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Evaluation of Agricultural Policy Reforms in the United States

image of Evaluation of Agricultural Policy Reforms in the United States

The United States is one of the most important agricultural producers in the world. It has a very large domestic market and is the world’s largest exporter of agricultural products. Indeed, the share of US agricultural production exported is more than double that of any other US industry and the trade surplus in agricultural products acts as an important stimulus to the US economy. Thus, US agricultural policies exert a strong influence on world agricultural markets.   

The United States maintains an array of agricultural policies with goals that range from the traditional objectives of stabilising agricultural production and supporting farm income to those that have more recently increased in importance, such as assuring adequate nutrition, securing food safety, encouraging environmental protection and facilitating rural development.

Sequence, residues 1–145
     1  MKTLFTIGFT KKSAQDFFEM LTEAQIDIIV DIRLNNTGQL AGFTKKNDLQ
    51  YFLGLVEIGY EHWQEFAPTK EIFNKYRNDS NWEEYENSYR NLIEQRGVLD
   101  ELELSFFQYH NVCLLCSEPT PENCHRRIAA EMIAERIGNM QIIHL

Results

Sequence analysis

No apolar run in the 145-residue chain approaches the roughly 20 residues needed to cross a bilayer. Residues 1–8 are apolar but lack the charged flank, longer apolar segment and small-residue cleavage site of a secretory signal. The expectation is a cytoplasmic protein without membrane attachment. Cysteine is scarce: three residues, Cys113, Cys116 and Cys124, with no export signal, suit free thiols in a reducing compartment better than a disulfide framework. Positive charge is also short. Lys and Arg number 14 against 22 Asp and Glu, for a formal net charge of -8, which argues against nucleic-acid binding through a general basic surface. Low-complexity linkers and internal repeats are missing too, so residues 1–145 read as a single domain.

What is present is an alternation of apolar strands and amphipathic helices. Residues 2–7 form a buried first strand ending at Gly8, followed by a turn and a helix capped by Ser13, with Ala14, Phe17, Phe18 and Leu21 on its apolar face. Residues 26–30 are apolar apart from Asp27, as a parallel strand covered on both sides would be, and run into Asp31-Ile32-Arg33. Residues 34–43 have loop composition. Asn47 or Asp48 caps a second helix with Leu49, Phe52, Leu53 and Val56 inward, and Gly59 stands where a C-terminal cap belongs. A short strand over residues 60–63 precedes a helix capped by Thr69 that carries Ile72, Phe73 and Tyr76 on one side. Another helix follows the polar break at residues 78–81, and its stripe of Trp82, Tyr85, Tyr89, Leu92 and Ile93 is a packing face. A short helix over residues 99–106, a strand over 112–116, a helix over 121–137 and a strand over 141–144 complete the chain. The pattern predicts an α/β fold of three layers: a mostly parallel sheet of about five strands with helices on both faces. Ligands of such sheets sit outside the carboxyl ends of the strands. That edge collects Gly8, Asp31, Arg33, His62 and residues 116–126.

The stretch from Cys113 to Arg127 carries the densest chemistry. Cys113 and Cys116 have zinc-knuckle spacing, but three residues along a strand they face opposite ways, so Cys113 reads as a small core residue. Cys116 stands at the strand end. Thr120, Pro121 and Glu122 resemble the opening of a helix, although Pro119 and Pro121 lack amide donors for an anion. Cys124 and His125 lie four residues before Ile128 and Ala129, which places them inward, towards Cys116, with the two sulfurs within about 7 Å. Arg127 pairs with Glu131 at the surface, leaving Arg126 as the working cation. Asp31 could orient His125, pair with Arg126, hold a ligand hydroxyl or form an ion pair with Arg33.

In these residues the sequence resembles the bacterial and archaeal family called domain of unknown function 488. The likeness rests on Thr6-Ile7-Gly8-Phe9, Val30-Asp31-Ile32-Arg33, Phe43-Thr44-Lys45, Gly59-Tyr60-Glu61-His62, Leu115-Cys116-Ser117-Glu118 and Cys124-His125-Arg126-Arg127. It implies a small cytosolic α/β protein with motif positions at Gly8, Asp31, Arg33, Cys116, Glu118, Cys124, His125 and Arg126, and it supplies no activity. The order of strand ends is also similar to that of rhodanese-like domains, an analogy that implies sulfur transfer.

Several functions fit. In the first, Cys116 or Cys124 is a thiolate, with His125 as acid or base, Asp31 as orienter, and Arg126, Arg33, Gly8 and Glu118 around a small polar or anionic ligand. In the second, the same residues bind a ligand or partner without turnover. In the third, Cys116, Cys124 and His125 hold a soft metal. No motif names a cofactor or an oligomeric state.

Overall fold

This study analyses and evaluates US agricultural policies, focusing on the Food, Conservation, and Energy Act of 2008, in the context of developments in agricultural policy that have taken place in the United States since 1985. It looks closely at five US Farm Acts: the Food Security Act of 1985; the Food, Agriculture, Conservation, and Trade Act of 1990; the Federal Agriculture Improvement and Reform Act of 1996; the Farm Security and Rural Investment Act of 2002 (2002 Farm Act); and the Food, Conservation and Energy Act of 2008. This study also discusses several emerging issues and challenges for US agricultural policies, and offers key policy recommendations.

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Annex B. Cotton Support Policies

Cotton is one of the “programme commodities” in the US covered by those policies discussed in Chapter 3 on the crop sector policies. Until recently cotton has not been one of the commodities for which OECD calculated Market Price Support (MPS) and identified single commodity transfers in the Producer Support Estimates (PSE), although all budgetary expenditures to cotton producers and consumers have always been included in the calculations of the US PSE and Consumer Support Estimates (CSE).

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